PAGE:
Beverly Hills, CA
North American F 86 Sabre John Glenn
Photograph - Mixed Media
North American F86, Oshkosh, 2003. The "Mig Mad Marine" painting scheme imitates that on the F-86 flown by John Glenn (later famous as an astronaut) during the Korean War.
Author: Paul Maritz
The North American F-86 Sabre (sometimes called the Sabrejet) was a transonic jet fighter aircraft. Produced by North American Aviation, the Sabre is best known as the United States's first swept wing fighter which could counter the similarly-winged Soviet MiG-15 in high-speed dogfights over the skies of the Korean War. Considered one of the best and most important fighter aircraft in the Korean War, the F-86 is also rated highly in comparison with fighters of other eras. Although it was developed in the late 1940s and was outdated by the end of the 1950s, the Sabre proved versatile and adaptable, and continued as a front-line fighter in numerous air forces until the last active operational examples were retired by the Bolivian Air Force in 1994.
Its success led to an extended production run of more than 7,800 aircraft between 1949 and 1956, in the United States, Japan and Italy. Variants were built in Canada and Australia. The Canadair Sabre added another 1,815 airframes, and the significantly redesigned CAC Sabre (sometimes known as the Avon Sabre or CAC CA-27), had a production run of 112. The Sabre was by far the most-produced Western jet fighter, with total production of all variants at 9,860 units.
The North American F-86 Sabre was the first American aircraft to take advantage of flight research data seized from the German aerodynamicists at the end of World War II. This data showed that a thin swept wing could greatly reduce drag and delay compressibility problems which had bedeviled even prop-powered fighters such as the Lockheed P-38 Lightning approaching the speed of sound. By 1944, German engineers and designers had established the benefits of swept wings based on experimental designs dating back to 1940. Study of the data showed that a swept wing would solve their speed problem, while a slat on the wing's leading edge which extended at low speeds would enhance low-speed stability.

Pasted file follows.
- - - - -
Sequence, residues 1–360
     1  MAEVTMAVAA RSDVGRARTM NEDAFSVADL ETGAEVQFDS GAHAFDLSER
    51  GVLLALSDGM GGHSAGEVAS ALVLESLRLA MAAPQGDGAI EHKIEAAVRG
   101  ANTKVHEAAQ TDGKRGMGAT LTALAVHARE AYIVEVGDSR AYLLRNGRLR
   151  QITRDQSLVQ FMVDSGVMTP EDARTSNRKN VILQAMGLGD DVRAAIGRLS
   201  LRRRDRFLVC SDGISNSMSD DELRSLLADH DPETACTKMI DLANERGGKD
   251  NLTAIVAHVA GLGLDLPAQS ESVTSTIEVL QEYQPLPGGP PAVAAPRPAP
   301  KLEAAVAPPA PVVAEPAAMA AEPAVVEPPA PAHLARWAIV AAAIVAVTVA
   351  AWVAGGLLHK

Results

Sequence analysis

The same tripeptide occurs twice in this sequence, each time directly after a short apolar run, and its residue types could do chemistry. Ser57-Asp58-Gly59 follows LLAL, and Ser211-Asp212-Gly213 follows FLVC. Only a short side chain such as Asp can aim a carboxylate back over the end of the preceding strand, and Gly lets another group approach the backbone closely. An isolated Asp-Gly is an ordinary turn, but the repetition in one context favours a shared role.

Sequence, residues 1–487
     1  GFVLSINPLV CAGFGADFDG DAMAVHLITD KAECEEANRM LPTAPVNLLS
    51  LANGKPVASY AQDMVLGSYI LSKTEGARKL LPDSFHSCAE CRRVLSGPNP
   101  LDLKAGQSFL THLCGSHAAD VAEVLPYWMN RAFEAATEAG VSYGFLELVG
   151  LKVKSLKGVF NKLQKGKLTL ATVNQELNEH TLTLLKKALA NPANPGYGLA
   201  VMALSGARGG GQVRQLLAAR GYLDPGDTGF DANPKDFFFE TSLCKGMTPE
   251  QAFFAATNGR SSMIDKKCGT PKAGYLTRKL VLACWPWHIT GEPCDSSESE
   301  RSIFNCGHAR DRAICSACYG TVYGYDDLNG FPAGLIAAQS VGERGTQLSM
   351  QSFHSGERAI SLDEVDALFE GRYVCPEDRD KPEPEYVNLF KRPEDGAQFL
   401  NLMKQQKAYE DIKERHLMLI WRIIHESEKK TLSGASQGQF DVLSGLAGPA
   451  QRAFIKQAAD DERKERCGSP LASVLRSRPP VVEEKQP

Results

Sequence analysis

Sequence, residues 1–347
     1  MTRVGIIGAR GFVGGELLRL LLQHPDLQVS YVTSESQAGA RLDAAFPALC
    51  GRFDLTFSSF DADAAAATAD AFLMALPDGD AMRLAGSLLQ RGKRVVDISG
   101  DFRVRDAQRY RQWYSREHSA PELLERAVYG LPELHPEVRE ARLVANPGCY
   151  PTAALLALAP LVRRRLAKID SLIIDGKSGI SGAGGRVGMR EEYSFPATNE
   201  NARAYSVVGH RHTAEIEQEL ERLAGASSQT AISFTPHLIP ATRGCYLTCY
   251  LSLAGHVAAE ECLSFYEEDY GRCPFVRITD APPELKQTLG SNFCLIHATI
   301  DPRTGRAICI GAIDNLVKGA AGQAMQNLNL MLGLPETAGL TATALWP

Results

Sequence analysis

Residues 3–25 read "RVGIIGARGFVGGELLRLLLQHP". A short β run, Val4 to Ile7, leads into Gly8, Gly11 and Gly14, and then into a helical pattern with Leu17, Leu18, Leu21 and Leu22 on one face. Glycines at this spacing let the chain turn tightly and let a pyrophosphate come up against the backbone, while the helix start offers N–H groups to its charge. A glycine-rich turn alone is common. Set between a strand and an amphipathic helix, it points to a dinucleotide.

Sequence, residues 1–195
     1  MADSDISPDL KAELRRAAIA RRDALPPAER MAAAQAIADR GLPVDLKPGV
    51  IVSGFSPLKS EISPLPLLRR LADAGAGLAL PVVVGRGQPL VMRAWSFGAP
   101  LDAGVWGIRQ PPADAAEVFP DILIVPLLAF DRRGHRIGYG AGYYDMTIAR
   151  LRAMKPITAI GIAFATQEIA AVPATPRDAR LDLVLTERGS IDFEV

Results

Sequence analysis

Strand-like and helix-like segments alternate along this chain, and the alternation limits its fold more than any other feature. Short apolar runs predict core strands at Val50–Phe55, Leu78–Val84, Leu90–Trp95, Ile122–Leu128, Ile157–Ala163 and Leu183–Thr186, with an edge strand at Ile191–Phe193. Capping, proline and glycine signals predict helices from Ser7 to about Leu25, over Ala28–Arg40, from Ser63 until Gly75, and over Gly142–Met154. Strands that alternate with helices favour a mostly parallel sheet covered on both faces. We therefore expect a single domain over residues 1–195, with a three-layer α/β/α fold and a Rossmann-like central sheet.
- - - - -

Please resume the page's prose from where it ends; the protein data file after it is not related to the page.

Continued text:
Because development of the XP-86 had reached an advanced stage, the idea of changing the Delays caused by the major redesign meant that manufacturing did not begin until after World War II. The XP-86 prototype, which would lead to the F-86 Sabre, was rolled out on 8 August 1947. The maiden flight occurred on 1 October 1947 with George Welch at the controls, flying from Muroc Dry Lake (now Edwards AFB), California.
The United States Air Force's Strategic Air Command had F-86 Sabres in service from 1949 through 1950. The F-86s were assigned to the 22nd Bomb Wing, the 1st Fighter Wing and the 1st Fighter Interceptor Wing. ] The F-86 was the primary U.S. air combat fighter during the Korean War, with significant numbers of the first three production models seeing combat.
The F-86 Sabre was also produced under license by Canadair, Ltd as the Canadair Sabre. The final variant of the Canadian Sabre, the Mark 6, is generally rated as having the highest capabilities of any Sabre version made anywhere.
The F-86A set its first official world speed record of 670 miles per hour (1,080 km/h) in September 1948, still some 32 miles per hour (51 km/h) short of the 702 miles per hour (1,130 km/h) unofficial rocket-powered aircraft speed record set with an Me 163B prototype in early July 1944 tests, which itself had a 23.3 wing sweepback angle.
Several people involved with the development of the F-86, including the chief aerodynamicist for the project and one of its other test pilots, claimed that North American test pilot George Welch had unofficially broken the sound barrier in a dive with the XP-86 while on a test flight on 1 October 1947. Chuck Yeager broke the sound barrier on 14 October 1947 in the rocket-propelled Bell X-1 during level flight, making it the first true supersonic aircraft. Five years later, on 18 May 1953, Jacqueline Cochran became the first woman to break the sound barrier, flying a "one-off" Canadian-built F-86 Sabre Mk 3, alongside Chuck Yeager. Col. K. K. Compton won the 1951 Bendix air race in an F-86A with an average speed of 553.76 mph.
The F-86 was produced as both a fighter-interceptor and fighter-bomber. Several variants were introduced over its production life, with improvements and different armament implemented.
GNU Free Documentation License
May 4th, 2014
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